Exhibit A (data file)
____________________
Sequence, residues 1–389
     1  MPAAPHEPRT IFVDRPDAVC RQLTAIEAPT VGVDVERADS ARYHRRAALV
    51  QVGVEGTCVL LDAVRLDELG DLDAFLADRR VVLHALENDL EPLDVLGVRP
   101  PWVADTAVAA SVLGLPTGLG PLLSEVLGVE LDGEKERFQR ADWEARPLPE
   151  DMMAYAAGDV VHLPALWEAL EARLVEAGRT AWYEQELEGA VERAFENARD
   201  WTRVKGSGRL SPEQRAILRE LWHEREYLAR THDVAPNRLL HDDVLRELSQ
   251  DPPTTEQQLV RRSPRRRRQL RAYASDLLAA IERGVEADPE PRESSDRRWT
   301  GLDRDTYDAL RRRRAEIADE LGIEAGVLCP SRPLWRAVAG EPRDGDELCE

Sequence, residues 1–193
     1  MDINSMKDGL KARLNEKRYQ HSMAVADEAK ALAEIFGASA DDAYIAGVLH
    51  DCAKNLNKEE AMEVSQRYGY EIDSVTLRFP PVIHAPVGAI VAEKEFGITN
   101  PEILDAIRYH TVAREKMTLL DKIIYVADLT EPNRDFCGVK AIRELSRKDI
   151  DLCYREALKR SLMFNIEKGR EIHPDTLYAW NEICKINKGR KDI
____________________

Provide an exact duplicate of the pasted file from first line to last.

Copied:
Sequence, residues 1–389
     1  MPAAPHEPRT IFVDRPDAVC RQLTAIEAPT VGVDVERADS ARYHRRAALV
    51  QVGVEGTCVL LDAVRLDELG DLDAFLADRR VVLHALENDL EPLDVLGVRP
   101  PWVADTAVAA SVLGLPTGLG PLLSEVLGVE LDGEKERFQR ADWEARPLPE
   151  DMMAYAAGDV VHLPALWEAL EARLVEAGRT AWYEQELEGA VERAFENARD
   201  WTRVKGSGRL SPEQRAILRE LWHEREYLAR THDVAPNRLL HDDVLRELSQ
   251  DPPTTEQQLV RRSPRRRRQL RAYASDLLAA IERGVEADPE PRESSDRRWT
   301  GLDRDTYDAL RRRRAEIADE LGIEAGVLCP SRPLWRAVAG EPRDGDELCE

Sequence, residues 1–193
     1  MDINSMKDGL KARLNEKRYQ HSMAVADEAK ALAEIFGASA DDAYIAGVLH
    51  DCAKNLNKEE AMEVSQRYGY EIDSVTLRFP PVIHAPVGAI VAEKEFGITN
   101  PEILDAIRYH TVAREKMTLL DKIIYVADLT EPNRDFCGVK AIRELSRKDI
   151  DLCYREALKR SLMFNIEKGR EIHPDTLYAW NEICKINKGR KDI